Before you start: if you’re unfamiliar with the principles of statistical SEO split-testing and how SplitSignal works, we’re suggesting you start here or request a demo of SplitSignal.
First, we asked our Twitter followers to vote:
Here’s what other SEO professionals have to share about this test:
Lila H., Owner and Founder of BL DIGITAL:
It will be difficult to value the impact, since google can rewrite also the meta description to highlight the query of the user and serve better results. I would say positive for the check sign.
Trevor Stolber, Digital Marketer at STOLBER.com:
I think the after result will perform better but it will only be a small signal
Find out if our followers were right by reading the complete analysis of this test.
The Case Study
Optimizing meta descriptions is something that just about every SEO has devoted time and attention to at some point in their career. The purpose of the meta description is to inform and engage search users with a brief, relevant summary of what a particular page is about.
Back in 2009, Google announced that meta descriptions and meta keywords play no role in Google’s ranking algorithms. However, the meta description can affect a page’s click-through rate (CTR) in Google SERPs, which can positively impact a page’s ability to rank.
Meta descriptions are written for users, and they significantly impact user behavior. That’s why optimizing your meta description is just as important as optimizing your title tags.
Google can use text from the content attribute of a page’s <meta name=”description”> tag to generate a snippet in the search results. While there’s no limit to how long a meta description can be, you’ll probably want to keep it around 155 characters, as the snippet will be truncated in Google search results if necessary, usually to fit the width of the device.
Over the years, many articles have been written about creating the perfect meta description, but the truth is that the perfect meta description will be different for just about every website. That’s why it’s important to test different elements, such as CTAs (call-to-actions) or USPs (unique selling points), to find out what matches best with the user’s search intent. OrangeValley wanted to test these elements for one of the largest e-commerce parties in the Netherlands.
The website in question had its category page meta descriptions set up like this:
For this test, we focused on two elements: the CTA and adding USPs. Based on SERP research, we hypothesized that switching from “Order your coffee machine from Blokker for the best price” to “Buy your coffee machine from Blokker for the best price” would better match the search intent of the user. We’ve also included “✓Free returns ✓Can also be picked up” as USPs to trigger the user to click on our search result.
We used SplitSignal to set up and analyze the test. 300 category pages were selected as either variant or control through stratified sampling. We kicked off the test and ran it for 21 days. We were able to determine that Googlebot visited 98% of the tested pages.
After 21 days of testing, we reviewed the results. We saw that the traffic to the variant pages performed better than the control group, which means the test is positive. Changing the CTA and adding two USPs resulted in a 6.5% increase in clicks to the tested pages.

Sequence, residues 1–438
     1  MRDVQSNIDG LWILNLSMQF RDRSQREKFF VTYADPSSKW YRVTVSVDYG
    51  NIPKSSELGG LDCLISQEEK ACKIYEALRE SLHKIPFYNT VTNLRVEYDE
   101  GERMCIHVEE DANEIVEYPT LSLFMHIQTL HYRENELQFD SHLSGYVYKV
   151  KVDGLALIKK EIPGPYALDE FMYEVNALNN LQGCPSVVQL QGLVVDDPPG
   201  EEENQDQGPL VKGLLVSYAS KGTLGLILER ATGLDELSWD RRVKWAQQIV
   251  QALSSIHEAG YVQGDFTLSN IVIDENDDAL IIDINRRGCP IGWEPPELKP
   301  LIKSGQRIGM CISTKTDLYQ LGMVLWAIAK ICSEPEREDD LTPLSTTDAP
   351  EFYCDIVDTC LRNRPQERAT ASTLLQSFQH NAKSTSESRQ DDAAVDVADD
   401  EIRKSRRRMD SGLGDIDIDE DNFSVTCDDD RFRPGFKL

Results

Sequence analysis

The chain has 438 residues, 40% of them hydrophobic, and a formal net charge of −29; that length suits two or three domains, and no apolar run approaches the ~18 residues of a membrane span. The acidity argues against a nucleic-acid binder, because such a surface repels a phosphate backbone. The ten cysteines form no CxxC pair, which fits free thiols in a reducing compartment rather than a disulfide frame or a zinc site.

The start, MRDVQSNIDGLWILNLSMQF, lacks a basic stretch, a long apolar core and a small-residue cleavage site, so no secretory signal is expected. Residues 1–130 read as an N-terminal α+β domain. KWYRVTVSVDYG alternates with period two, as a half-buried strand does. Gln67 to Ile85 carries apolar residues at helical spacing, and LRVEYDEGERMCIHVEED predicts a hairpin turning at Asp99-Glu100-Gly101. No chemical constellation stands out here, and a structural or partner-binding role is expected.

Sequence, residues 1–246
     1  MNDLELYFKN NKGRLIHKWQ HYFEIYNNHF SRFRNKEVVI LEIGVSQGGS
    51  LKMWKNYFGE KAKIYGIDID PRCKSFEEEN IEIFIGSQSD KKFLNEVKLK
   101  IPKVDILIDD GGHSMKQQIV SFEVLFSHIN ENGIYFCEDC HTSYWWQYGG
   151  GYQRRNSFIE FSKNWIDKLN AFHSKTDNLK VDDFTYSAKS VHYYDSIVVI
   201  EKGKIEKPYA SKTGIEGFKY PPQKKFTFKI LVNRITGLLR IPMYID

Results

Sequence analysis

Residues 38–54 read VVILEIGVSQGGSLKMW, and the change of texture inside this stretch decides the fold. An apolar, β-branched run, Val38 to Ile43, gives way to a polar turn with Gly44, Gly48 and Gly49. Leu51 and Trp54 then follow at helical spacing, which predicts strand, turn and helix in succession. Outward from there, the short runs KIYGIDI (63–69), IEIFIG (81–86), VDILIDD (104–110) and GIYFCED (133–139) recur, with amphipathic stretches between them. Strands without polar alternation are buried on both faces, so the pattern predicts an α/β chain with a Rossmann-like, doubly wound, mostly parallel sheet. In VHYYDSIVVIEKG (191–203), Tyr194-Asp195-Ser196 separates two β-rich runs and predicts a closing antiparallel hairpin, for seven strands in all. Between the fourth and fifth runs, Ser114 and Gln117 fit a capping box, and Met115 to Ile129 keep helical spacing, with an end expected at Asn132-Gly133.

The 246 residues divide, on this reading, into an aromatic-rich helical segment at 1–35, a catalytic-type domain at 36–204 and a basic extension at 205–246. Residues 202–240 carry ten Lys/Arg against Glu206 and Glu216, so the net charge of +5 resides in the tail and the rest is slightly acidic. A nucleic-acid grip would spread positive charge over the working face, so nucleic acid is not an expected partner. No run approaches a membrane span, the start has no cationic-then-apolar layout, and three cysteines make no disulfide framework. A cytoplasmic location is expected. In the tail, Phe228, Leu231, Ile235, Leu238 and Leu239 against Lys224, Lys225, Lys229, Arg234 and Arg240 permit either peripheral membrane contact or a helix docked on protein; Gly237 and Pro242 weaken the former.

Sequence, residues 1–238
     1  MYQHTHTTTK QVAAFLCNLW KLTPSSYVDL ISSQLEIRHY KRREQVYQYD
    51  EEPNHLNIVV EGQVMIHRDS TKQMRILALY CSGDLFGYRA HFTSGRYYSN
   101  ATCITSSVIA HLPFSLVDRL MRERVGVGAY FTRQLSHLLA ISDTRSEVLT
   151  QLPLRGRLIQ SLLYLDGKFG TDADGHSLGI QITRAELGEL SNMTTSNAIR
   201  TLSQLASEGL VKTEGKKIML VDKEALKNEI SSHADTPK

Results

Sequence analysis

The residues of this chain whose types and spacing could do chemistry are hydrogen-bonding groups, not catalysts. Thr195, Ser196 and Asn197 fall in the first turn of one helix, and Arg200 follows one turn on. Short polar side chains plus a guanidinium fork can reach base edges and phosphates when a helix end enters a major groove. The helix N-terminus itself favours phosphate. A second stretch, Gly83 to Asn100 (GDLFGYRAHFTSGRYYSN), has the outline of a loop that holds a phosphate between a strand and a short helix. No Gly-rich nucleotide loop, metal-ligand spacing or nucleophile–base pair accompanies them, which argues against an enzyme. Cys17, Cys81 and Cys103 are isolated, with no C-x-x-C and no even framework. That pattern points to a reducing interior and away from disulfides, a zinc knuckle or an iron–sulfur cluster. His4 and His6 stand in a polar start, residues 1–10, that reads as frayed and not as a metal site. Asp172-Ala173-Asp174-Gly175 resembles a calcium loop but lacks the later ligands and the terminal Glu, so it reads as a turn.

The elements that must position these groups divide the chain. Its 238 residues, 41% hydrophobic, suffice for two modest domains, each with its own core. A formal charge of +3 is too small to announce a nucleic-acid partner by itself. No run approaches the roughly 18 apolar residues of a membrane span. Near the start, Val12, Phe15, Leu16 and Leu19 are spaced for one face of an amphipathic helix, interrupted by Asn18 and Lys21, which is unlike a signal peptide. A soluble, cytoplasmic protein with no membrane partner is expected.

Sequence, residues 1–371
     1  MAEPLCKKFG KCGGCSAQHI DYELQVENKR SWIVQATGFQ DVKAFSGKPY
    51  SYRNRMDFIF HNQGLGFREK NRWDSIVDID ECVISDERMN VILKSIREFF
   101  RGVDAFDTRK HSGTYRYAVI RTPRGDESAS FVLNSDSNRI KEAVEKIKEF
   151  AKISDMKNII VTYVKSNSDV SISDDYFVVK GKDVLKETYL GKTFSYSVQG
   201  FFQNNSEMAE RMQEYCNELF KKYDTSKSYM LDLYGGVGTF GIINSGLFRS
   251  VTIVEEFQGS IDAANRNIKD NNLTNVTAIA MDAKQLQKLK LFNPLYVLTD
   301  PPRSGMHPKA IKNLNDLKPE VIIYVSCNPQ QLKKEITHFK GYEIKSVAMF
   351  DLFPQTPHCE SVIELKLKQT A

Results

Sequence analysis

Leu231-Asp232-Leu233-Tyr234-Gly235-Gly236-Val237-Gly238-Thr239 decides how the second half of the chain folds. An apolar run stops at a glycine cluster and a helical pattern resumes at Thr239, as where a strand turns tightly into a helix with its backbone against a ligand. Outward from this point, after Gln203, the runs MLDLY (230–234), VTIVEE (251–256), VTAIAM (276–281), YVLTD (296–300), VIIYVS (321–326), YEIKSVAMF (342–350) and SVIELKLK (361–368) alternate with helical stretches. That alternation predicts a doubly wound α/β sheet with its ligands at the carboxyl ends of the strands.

After eight days, we were able to determine that this increase that we saw was significant. When the blue shaded area performs below or above the y=0 axis, the test is statistically significant at the 95% level. This means that we can be confident that the increase we are seeing is due to the change we have made and not to other (external) factors.
Note that we are not comparing the actual control group pages to our variant pages but rather a forecast based on historical data. We compare this with the actual data. We use a set of control pages to give the model context for trends and external influences. If something else changes during our test (e.g., seasonality), the model will detect and take it into account. By filtering these external factors, we gain insight into the impact of an SEO change.
As mentioned before, meta descriptions are written for users and significantly impact user behavior. Google once said that users are often the best judges of relevance, so if a user selects a particular search result, it is likely to be relevant, or at least more relevant than the alternatives presented. This test shows that we are on the right track.
Analysis of the data shows that this test affected the click-through rate (CTR) on the pages tested. Compared to our modeled control group, rankings and impressions remained fairly stable. The increase in clicks seems to be purely due to the behavior of Google users.
As an SEO, you need to think about and experiment with different elements that make up a meta description. Finding ways to stand out and be the most relevant answer to a search query is essential for optimal organic performance. For further testing, Blokker now has a new meta description for their category pages.
Due to the scale at which we are implementing this change, it is one of the most successful tests for Blokker. Keep in mind that something that works for one website may not work for another. The only way to know for sure is to test what works for you!
Have your next SEO split-test analyzed by OrangeValley Agency.